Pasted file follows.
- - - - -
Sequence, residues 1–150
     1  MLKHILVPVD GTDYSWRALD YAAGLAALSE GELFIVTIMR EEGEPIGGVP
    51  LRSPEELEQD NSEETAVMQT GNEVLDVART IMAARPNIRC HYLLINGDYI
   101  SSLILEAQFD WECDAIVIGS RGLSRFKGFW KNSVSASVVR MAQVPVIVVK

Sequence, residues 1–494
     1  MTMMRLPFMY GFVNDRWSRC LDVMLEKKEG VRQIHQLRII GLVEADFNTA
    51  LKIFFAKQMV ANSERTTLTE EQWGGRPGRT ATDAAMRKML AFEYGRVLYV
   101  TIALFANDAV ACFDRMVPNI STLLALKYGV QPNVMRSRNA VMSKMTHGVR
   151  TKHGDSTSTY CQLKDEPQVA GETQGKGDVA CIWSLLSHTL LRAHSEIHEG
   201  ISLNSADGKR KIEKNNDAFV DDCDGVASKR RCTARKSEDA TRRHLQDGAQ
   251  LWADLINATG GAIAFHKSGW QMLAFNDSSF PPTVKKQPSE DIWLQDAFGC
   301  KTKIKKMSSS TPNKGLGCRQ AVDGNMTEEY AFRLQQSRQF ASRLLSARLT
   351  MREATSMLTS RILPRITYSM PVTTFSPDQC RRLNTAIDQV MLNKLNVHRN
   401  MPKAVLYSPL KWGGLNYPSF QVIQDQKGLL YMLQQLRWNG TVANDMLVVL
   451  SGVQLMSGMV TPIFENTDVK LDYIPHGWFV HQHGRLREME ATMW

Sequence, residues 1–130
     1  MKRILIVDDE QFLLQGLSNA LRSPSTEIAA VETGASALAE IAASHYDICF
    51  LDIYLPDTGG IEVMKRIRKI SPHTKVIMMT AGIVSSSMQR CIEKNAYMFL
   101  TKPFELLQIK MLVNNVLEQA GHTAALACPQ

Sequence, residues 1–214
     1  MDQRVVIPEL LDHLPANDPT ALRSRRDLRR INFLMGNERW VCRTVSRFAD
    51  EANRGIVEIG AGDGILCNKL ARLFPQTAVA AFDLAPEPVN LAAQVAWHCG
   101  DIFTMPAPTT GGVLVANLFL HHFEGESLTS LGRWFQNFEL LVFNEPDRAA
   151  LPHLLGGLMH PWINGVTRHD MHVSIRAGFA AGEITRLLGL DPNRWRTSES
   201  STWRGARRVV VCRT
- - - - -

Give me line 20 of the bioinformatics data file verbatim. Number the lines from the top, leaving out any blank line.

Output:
Sequence, residues 1–214